Lance Cpl. Osvaldo L. Ortega III/US Marine Corps

Marines press forward for patrol.

One of Iran’s largest warships caught fire and sank in the Gulf of Oman
Commonwealth of Australia

Troops found themselves moving in and out of rocky trenches.

One of Iran’s largest warships caught fire and sank in the Gulf of Oman
Lance Cpl. Osvaldo L. Ortega III/US Marine Corps

A rifleman scans the area outside of the objective.

One of Iran’s largest warships caught fire and sank in the Gulf of Oman
Lance Cpl. Osvaldo L. Ortega III/US Marine Corps

A US anti-tank missileman looks for activity from the trenches.

One of Iran’s largest warships caught fire and sank in the Gulf of Oman
Lance Cpl. Osvaldo L. Ortega III/US Marine Corps

An infantry unit leader sights in to look for enemy forces across the cliff.

One of Iran’s largest warships caught fire and sank in the Gulf of Oman
An infantry unit leader sights in to look for enemy forces across the cliff.Cpl. Mandaline Hatch/US Marine Corps

US Marines clear trenches in the harsh terrain of South Australia.

One of Iran’s largest warships caught fire and sank in the Gulf of Oman
Lance Cpl. Osvaldo L. Ortega III/US Marine Corps

A New Zealand Army soldier drags a “wounded” enemy soldier to safety during the clearance of the township of Iron Knob, South Australia, as part of Exercise Hamel.

One of Iran’s largest warships caught fire and sank in the Gulf of Oman
Commonwealth of Australia

A New Zealand Army infantry soldier patrols the perimeter of an internally displaced persons camp.

One of Iran’s largest warships caught fire and sank in the Gulf of Oman
Commonwealth of Australia

A Combined Anti-Armor Team HMMWV moves into a screening position in the foliage.

One of Iran’s largest warships caught fire and sank in the Gulf of Oman
Cpl. Carlos Cruz Jr./US Marine Corps

Australian Army soldiers identify mock enemy positions during the clearance of the township of Iron Knob, South Australia.

One of Iran’s largest warships caught fire and sank in the Gulf of Oman
Commonwealth of Australia

Australian Army soldiers push forward through the town using cover.

One of Iran’s largest warships caught fire and sank in the Gulf of Oman
Commonwealth of Australia

A United States Army soldier engages the enemy forces scattered throughout the town.

One of Iran’s largest warships caught fire and sank in the Gulf of Oman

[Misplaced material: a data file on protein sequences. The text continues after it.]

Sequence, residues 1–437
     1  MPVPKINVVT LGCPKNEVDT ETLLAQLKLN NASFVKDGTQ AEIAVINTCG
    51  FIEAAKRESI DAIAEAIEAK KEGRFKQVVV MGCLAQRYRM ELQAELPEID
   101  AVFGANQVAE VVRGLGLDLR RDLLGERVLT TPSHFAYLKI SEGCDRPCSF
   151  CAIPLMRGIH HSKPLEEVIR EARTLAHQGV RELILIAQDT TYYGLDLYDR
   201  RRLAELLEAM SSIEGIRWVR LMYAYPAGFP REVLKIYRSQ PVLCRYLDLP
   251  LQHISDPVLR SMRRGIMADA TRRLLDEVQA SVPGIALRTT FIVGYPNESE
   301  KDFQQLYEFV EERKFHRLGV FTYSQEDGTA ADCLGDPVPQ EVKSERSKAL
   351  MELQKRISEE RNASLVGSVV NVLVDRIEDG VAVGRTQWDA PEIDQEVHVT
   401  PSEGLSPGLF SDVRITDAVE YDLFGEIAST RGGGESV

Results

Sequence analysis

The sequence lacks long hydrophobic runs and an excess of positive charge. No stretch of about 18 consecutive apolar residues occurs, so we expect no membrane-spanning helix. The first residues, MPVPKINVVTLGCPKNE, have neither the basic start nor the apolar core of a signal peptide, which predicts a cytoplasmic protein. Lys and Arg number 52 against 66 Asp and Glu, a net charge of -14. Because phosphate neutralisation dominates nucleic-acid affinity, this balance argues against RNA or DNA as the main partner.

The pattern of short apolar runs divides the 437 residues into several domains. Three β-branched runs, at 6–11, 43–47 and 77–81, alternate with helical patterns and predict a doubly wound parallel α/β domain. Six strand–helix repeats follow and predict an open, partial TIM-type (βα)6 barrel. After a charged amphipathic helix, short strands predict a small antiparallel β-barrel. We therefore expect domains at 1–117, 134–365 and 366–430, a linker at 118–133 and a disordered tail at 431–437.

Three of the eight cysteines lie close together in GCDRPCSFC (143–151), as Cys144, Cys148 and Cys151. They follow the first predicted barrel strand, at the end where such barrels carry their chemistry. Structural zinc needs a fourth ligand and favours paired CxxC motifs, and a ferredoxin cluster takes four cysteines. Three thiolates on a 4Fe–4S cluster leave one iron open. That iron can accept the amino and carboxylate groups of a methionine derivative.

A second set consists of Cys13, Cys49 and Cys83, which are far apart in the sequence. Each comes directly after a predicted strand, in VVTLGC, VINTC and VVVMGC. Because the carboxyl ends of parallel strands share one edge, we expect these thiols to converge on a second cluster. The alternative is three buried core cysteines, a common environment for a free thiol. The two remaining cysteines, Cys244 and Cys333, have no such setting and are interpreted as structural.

Commonwealth of Australia

An Australian Army Tiger armed reconnaissance helicopter takes off from the Battlegroup Griffin position at Port Pirie, South Australia.

One of Iran’s largest warships caught fire and sank in the Gulf of Oman
Commonwealth of Australia

US Marines set a 360 degree security for a simulated aircraft wreck site.

One of Iran’s largest warships caught fire and sank in the Gulf of Oman
Cpl. Carlos Cruz Jr./US Marine Corps

US Marines prepare for a possible attack in the cover of darkness.

One of Iran’s largest warships caught fire and sank in the Gulf of Oman
Lance Cpl. Osvaldo L. Ortega III/US Marine Corps

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Air Force just released new details about the B-1 strike on Libya

One of Iran’s largest warships caught fire and sank in the Gulf of Oman
A B-1B Lancer takes off from Ellsworth Air Force Base, S.D., March 27, 2011, on a mission in support of Operation Odyssey Dawn. (U.S. Air Force photo/Staff Sgt. Marc I. Lane)


Five years ago, a phone rang in the 28th Bomb Wing vice commander’s office and made history.

Less than 72 hours later, on March 27, 2011, more than 1,100 maintenance personnel launched four B-1B Lancer bombers from the Ellsworth Air Force Base flightline in blizzard conditions to support Operation Odyssey Dawn. It was the first time the aircraft had ever launched from a continental U.S. location in support of combat operations.

Two B-1s and their eight-person crew would continue on and strike targets in Libya; however, the mission required communication and personnel working round-the-clock to be executed.

“I was about halfway through the planning process (of a training sortie), and rumors were making their way around about base leadership convening at the command post,” said Maj. Matthew, a weapons system officer for the operation’s lead B-1. “At about 1 p.m., I was called to the command post with a pilot in my squadron. We were both qualified mission commanders, which clued me in that whatever was going on was likely a real-world event.”

Matthew and many aviators within the 34th and 37th bomb squadrons, as well as maintenance and munitions personnel, were briefed that preparations were underway to organize a strike mission more than 6,000 miles away in Libya.

In less than 20 hours, the conventional munitions element built approximately 145 munitions, enough to load seven B-1s. On the aviation side of the base, aircrews were preparing for takeoff.

“We had the pre-brief, and flew a practice profile in the simulator as well to make sure everyone on the crew had the opportunity to practice the bomb runs,” said Maj. Christopher, co-pilot for the operation’s lead B-1. “The biggest thing going through my mind was trying to absorb every bit of information so that we didn’t mess it up.”

This specific weapons build was the first time many had ever built bombs that would leave a CONUS location to bomb targets.